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risons between Macedon and Monmouth, that the situ. ations, look you, is both alike. There is a river in Macedon, there is also moreover a river at Monmoutb; it is callid Wye at Monmouth, but it is out of my prains, what is the name of the other river ; but it is all one, 'tis as like as my fingers to my fingers, and there is Salmons in both. If you mark Alexander's life well, Harry of Monmouth's life is come after it indifferent well, for there is figures in all things. Alexander, God knows and you know, in his rages, and his furies, and his wrachs, and his cholers, and his moods, and his displeasures, and his indignations, and also being a little intoxicates in bis prains, did in his ales and his angers, look you, kill his best friend Clytus.

Gow. Our King is not like him in that, he never kill'd any of his friends.

Flu. li is not weil done, mark you now, to take the tales out of my mouch, ere it is made and finish'd. I speak but in figures, and comparisons of it. As Alexander kill'd his friend Clytus, being in his ales and his cups ; so also Harry Monmouth, being in his right wits and his good judgments, turn'd away * the fac Knight with the great belly-doublet. He was full of jeits and gypes, and knaveries, and mocks; I have forgot his name. Gow. Sir John Falstaff.

Flu. That is he. I tell you, there is good men porn at Monmouth. Gow. Here comes his Majesty.

- SCENE XIV. Alarm. Enter King Henry, with Bourbon and ciber

prisoners ; Lords and Attendants. Flourish. K. Henry. I was not angry fince I came to France, Until this instant. Take a trumpet, herald,

I speak to kill'd his frien Monmouth, be

* The fal knight ] This is the party with him, and has continued jast time that Falsaf can make his memory as long as he could. Sport. The poet was loath to

Ride thou unto the horsemen on yon hill.
If they will fight with us, bid them come down,
Or void the field, they do oflend our sight;
If they'll do neither, we will come to them ;
And make them sker away, as swift as stones
Enforced froin the old Arian lings :
* Besides, we'll cut the throats of those we have ;
And not a man of them, that we shall take,
Shall taste our mercy. Go, and tell them fo.

Enter Mountjoy.
Exe. Here comes the herald of the French, my

Liege.
Glou. His eyes are humbler than they us'd to be.
K. Henry. How now, what means their herald ?

Know'st thou not, That I have fin'd chefe bones of mine for ransom ? · Com'ít chou again for ransom?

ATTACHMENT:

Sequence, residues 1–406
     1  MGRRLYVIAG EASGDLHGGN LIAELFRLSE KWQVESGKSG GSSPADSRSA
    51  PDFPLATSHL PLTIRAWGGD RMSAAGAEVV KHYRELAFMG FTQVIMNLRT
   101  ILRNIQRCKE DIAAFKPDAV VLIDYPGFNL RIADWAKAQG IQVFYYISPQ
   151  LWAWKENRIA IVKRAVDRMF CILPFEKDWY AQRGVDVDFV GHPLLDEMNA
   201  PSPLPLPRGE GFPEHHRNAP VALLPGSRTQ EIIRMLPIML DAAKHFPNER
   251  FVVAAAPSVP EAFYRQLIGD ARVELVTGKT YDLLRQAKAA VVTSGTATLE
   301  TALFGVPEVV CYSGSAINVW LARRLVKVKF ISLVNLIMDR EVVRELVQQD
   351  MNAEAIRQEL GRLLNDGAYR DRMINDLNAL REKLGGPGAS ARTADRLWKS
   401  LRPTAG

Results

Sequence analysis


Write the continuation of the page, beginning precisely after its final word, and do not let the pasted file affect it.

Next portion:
Mount. No, great King:
I come to thee for charitable licence
That we may wander o'er this bloody field,
To book our dead, and then to bury them ;
To sort our nobles from our common men ;
For many of our Princes, woe the while !.
Lie drown'd, and foak'd in mercenary bicod;
So do our vulgar drench their peasant limbs
In blood of Princes, while their wounded steeds
Fret fet-lock deep in gore, and with wild rage
Yerk out their armed heels at their dead malters,

Com'onave finan, thoun

* Befides, we'll cut the throals, place these lines at the beginning &c.] The king is in a very bloody of the twelfth scene, the ablurdifpofition. He has already cut dity will be removed, and the the throais of his prisoners, and action will proceed in a regular threatens now to cut them again. series. This transposicion migno No hafte of composition could easily happen in copies written produce such negligence; neither for the players. Yet it must not was this play, which is the second be concealed, that in the imperdraught of ihe same delign, writ- fect play of 1608 the order of ten in halte. There must be some the Icenes is the same as here. dislocation of the scenes. If we

Killing

Killing them twice. O, give us leave, great King,

To view the field in safety, and dispose
Of their dead bodies.

K. Henry. I tell thee truly, herald,
I know not, if the day be ours or no ;
For yet a many of your horsemen peer,
And gallop o'er the field.

Mount. The day is yours.
K. Henry. Praised be God, and not our strength,

for it!
What is this castle callid, that stands hard by ?

Mount. They call it Agincourt.

K. Henry. Then call we this the field of Agincourt, Fought on the day of Crispin Crifpianus.

Flu. Your grandfather of famous memory, an's please your Majesty, and your great uncle Edward the plack Prince of Wales, as I have read in the chronicles, fought a most prave parcle here in France.